This Is How Mexico Wants To Help Harvey Victims

by Chris Tognotti

On Sunday, after days of catastrophic flooding throughout the great Houston area, Texas' neighbor to the south extended a helping hand. Specifically, Mexico offered to provide Harvey storm emergency assistance, making a diplomatic and humanitarian show of goodwill amidst a politically contentious relationship with the president of the United States.

For his part, President Trump has made no public comment on the offer, which raised concerns that his recent political saber-rattling might interfere with the acceptance of Mexico's offer. In a series of tweets antagonizing Mexico early on Monday morning, Trump dredged up his longtime rhetoric about renegotiating NAFTA and building a border wall that Mexico will supposedly fund.

According to a report from The Daily Beast early Wednesday morning, the State Department said in an email that the United States would "work with our partners, including Mexico" if the need for assistance arose, although another email from an unnamed Mexican official stated that neither Texas nor the federal government had answered the offer.

Later on Wednesday, however, Texas governor Greg Abbott announced that the Lone Star State will accept Mexico's help, not waiting on any further weigh-in from Trump, who left the state on Tuesday to head to Missouri to promote his tax cut plan. The real question now is what sort of assistance will be provided, and how long it will take to begin.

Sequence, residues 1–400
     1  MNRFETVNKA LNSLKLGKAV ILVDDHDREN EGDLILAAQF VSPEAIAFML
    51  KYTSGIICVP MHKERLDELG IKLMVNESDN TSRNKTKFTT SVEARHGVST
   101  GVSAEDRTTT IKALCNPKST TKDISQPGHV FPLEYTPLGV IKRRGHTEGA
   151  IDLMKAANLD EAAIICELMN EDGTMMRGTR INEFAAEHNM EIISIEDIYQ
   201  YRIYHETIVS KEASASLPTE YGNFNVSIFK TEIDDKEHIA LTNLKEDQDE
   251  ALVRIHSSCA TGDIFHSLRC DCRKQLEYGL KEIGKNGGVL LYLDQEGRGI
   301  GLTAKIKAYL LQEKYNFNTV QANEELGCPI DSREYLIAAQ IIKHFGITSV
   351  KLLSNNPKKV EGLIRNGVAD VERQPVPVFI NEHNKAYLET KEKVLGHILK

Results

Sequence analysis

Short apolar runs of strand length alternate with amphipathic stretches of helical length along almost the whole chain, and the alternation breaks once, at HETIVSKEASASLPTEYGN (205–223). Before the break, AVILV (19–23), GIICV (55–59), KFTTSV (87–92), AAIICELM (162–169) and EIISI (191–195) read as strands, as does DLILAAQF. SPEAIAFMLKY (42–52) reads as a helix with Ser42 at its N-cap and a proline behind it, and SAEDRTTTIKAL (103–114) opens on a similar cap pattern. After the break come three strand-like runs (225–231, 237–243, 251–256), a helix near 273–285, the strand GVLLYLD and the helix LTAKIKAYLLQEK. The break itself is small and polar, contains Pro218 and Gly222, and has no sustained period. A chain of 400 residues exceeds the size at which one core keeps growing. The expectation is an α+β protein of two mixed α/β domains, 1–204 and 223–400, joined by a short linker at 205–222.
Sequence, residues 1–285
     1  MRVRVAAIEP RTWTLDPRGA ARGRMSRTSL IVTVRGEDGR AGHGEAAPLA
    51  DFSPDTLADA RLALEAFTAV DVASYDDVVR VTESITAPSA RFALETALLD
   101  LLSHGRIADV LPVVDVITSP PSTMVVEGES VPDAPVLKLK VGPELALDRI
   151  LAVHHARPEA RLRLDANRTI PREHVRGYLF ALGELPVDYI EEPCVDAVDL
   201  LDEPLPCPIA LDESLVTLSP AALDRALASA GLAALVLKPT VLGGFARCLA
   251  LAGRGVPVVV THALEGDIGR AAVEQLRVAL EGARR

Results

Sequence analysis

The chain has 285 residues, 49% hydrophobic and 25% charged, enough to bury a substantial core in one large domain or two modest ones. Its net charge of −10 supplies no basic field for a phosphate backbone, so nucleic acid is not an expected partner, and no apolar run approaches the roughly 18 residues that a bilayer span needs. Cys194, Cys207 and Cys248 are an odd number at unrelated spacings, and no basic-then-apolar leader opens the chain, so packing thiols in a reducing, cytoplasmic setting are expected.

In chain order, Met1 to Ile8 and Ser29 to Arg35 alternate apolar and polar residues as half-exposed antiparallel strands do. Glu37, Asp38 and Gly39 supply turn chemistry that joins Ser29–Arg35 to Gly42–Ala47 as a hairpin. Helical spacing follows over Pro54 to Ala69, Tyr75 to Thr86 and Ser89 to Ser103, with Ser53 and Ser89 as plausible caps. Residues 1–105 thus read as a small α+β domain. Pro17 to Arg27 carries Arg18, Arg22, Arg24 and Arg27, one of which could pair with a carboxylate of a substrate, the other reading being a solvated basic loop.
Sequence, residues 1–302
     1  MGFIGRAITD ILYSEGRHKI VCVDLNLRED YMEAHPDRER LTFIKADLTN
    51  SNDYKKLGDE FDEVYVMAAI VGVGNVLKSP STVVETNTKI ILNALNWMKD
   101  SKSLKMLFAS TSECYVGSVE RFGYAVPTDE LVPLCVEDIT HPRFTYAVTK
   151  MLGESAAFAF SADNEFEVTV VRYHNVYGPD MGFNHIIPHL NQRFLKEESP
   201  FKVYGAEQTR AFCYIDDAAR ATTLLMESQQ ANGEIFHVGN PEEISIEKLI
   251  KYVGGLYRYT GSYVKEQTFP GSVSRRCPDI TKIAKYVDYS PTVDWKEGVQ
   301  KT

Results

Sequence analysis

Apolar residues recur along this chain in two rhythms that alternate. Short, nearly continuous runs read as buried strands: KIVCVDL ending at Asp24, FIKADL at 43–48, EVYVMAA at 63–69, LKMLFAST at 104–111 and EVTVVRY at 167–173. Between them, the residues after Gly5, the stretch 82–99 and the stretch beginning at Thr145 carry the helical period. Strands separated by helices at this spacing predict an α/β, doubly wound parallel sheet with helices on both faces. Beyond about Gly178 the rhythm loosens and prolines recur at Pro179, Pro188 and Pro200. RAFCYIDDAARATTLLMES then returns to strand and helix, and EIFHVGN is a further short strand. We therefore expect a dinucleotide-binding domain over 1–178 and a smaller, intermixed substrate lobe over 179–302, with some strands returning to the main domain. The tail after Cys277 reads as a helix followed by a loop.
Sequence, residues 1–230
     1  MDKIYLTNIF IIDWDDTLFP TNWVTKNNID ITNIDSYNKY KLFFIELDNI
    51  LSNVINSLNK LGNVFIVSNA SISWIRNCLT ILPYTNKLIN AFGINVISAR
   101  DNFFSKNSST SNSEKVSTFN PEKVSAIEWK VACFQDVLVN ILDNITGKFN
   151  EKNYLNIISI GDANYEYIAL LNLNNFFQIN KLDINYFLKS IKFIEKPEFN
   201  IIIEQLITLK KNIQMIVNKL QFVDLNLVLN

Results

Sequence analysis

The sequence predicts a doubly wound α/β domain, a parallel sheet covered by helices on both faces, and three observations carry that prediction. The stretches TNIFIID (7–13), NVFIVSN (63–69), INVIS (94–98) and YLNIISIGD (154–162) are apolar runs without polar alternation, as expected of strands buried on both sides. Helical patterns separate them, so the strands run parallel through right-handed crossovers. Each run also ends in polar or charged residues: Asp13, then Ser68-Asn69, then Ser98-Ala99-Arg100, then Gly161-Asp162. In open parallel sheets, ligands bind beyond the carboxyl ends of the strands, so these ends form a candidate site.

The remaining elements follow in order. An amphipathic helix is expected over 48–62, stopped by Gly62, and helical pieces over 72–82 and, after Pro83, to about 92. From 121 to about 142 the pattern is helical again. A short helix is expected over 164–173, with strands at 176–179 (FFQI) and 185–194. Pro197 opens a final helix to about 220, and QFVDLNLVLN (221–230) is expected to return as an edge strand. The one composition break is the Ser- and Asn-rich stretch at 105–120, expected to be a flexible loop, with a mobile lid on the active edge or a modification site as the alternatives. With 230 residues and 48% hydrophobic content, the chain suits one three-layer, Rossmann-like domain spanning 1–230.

According to The Dallas Morning News, the Mexican government (by way of Carlos Sada, the undersecretary for North American relations) is offering to send drinking water, portable showers, food, medical supplies, and even soldiers to the stricken parts of Texas to help stabilize the situation and begin the recovery.

Needless to say, all of these things would be hugely helpful to the residents of Texas who've been displaced by the storms. With the offer just accepted by Abbott on Wednesday afternoon, it should theoretically be underway in relatively short order. Bustle reached out to Abbott on Wednesday to ask when the Mexican aid is expected to begin, and will provide any reply once it's received.

This latest aid offer is in keeping with how Mexico responded to the cataclysmic Hurricane Katrina in 2005, which ultimately left more than 1,200 people dead. Back then, Mexican president Vicente Fox (now a forceful and occasionally vulgar Trump critic) authorized the deployment of Mexican soldiers into Louisiana to assist with the recovery, medicines and supplies, and more than 184,000 meals.

In other words, providing this kind of humanitarian aid to the United States isn't new for Mexico, despite the fact that the current American president regularly treats the country as a rhetorical and political punching bag.

Granted the relationship between Mexico and the United States was a lot rosier in 2005 than it is now, given Trump's years-long history of statements about Mexican immigrants and the intentions of its government. But by all appearances, the tightening of tensions at the federal level hasn't dampened Mexico's willingness to help out it's northern neighbor under some deeply dire circumstances.